S3: And I think for me, the other thing that has been so I don’t know, like. It’s expanding, who is in my community and also asking for practical help, which has been like so necessary for this stage of life.
S4: Is there an example that comes to mind of how you’ve let your neighbors in?
S3: In August, I got mastitis, which is a clogged milk duct from nursing home, couple urgent care trips. It was painful, very painful. And I couldn’t do stuff. And we were sort of like at the mercy. You were more so at the mercy. And at that exact same moment, there was a hand, foot and mouth out. Of course.
S2: There was.
S3: So it was one of my friends whose kid had gotten over it a couple of days before. We were like, Done, done. I knew I was also having my sight, but it was like, What do you need? And I knew her good enough to know if I asked for something like she would do it. And I told her I was like, I really need my kitchen cleaned because the point where it’s in right now is so overwhelming. And she, like, came with a meal from her freezer, like, and cleaned my kitchen and it felt so vulnerable at that point. But like, if one of my friends had asked that of me, I would have done it in a heartbeat.
S1: Right. Right.
S4: And that’s how you create and strengthen connection. That’s right. Is by asking for help and. And taking it and giving it.
S1: Yeah. And I think that. I love that. I think that’s an important distinction, too, is that there’s a difference in asking for help and taking help when it’s offered. I think that both of those have a different level of difficulty depending on the person. Like at this actual moment. At this actual moment. So I have when we are recording, I have my second book releases in seven days and it has been a cluster. My life is very stressful right now. Very stressful. And I texted my mom is watching my kids this afternoon so I don’t have to do school pick up so I can have a longer day. And she texted me and she said, Do you just want me to get your kids? I was like, Yes, please, thank you so much. And I just said, I’m just drowning. Like there’s so much to do. And I know it’s only a season. I’m in a season of a busy work project and I know it’s going to be over soon. It’s not always going to be this way, but it is this way right now. And I know it’s a struggle and it’s really hard. And she said, Well, I have I have a couple of hours this morning. Is there anything I can do? And I was like I was almost said, no, there’s nothing. And then I thought, my refrigerator’s a disaster. My refrigerator has been not been cleaned out in a long time and I don’t even know what’s in there. And we’re just like playing Tetris right now. It’s like Jenga and Tetris together inside my refrigerator and can you clean out my fridge? And my mom is in my house right now cleaning up my fridge. And I don’t like I didn’t need her to do that. My life is not dependent on whether my fridge is clean, but guess what that is? And that has been a pain point for me because every time I open my fridge.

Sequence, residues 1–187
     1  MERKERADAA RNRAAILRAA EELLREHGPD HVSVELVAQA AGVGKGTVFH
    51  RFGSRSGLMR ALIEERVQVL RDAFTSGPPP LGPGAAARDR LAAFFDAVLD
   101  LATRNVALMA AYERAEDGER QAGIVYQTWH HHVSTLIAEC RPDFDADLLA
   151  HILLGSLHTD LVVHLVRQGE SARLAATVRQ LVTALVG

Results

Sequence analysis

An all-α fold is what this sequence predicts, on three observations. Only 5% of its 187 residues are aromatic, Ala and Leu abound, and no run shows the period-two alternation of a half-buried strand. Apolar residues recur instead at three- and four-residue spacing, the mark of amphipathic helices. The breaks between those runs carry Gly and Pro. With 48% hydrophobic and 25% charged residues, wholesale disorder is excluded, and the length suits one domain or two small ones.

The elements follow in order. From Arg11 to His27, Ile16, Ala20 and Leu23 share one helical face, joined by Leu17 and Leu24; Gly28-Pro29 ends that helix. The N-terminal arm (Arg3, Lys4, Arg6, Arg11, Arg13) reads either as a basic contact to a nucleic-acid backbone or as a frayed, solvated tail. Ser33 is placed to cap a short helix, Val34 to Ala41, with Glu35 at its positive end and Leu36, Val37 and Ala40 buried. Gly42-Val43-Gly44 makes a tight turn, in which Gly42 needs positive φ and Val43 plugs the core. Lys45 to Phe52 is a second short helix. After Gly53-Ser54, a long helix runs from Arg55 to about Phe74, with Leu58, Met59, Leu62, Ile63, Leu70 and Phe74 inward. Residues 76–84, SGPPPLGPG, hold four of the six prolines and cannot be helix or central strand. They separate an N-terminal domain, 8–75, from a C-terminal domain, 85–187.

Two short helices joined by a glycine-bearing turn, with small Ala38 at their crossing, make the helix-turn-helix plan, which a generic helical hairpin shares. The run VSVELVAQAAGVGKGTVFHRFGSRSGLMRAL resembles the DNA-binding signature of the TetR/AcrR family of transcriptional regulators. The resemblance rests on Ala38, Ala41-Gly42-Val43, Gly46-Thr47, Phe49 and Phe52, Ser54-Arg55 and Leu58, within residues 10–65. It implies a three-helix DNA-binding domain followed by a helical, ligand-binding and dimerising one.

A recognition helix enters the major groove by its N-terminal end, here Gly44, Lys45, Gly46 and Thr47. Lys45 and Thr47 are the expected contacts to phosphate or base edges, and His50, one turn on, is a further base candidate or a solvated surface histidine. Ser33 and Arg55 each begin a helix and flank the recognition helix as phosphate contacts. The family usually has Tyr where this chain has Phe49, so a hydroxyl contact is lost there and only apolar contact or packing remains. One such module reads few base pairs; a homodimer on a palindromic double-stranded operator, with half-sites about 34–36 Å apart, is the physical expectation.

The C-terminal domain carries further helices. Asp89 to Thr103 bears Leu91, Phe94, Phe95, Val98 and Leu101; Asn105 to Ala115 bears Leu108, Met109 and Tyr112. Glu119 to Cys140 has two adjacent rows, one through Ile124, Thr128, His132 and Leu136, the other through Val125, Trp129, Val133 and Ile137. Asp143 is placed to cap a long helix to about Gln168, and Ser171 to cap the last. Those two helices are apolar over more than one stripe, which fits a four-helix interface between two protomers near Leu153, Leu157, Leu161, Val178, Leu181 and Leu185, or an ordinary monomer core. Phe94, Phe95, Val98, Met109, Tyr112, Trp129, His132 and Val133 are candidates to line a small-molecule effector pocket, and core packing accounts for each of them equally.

S4: And you open.
S1: Every single time, it’s overwhelming emotionally and.
S4: Yeah, like I remember in the beginning of the pandemic, my son, you know, like a lot of kids, he created a little flyer and put it under, you know, on all the doorsteps in our neighborhood. Like, if you need help, get in the supermarket or show you this, you know, pretend like this, you know, and other kids did it, too, which was great. And it was like that moment of feeling like solidarity. We’re all in this together. And like, no one, no one took him up on it, probably because they felt like they felt weird. They didn’t need him as badly as other people might. Right. And so they were trying to be in their own way, good neighbors. I mean, I do the same thing when friends offer to help and you feel like they don’t mean it, but, you know, you got to know that you’re doing them a favor, too, sometimes, right? When they say, yeah.
S1: Absolutely. You said it before and you said, like, that’s how we connect with each other.
S4: Here’s our next rule. Connection is a priority for a lot of people, and rightly so. But part of strengthening your connection is asking for help, accepting help and giving help. All three matter.
S1: You know that that metaphor of, like, glass balls and rubber balls, you know, you want to you want to pay attention to. If you’re juggling all these balls, there are some things in your life that are glass balls and you really don’t want to drop them. The rubber balls you can drop. Right. That metaphor flits around. And I want to actually give permission to be like, you’re also going to drop the glass balls sometimes, like you’re going to do it. And because if you have the expectation that you’re not going to and when you do, you’re going to feel terrible about it. And so I am just a I call myself a professional permission giver. I’m just like, hey, it’s going to be okay. You’re going to you’re going to mess up. You’re not going to be able to manage every moment. You are not going to be able to manage your life. Like set it and forget it. You are not a robot. We can’t optimize everything. So instead of trying to do that, let’s look at some principles that you can apply in your own specific life that can help you.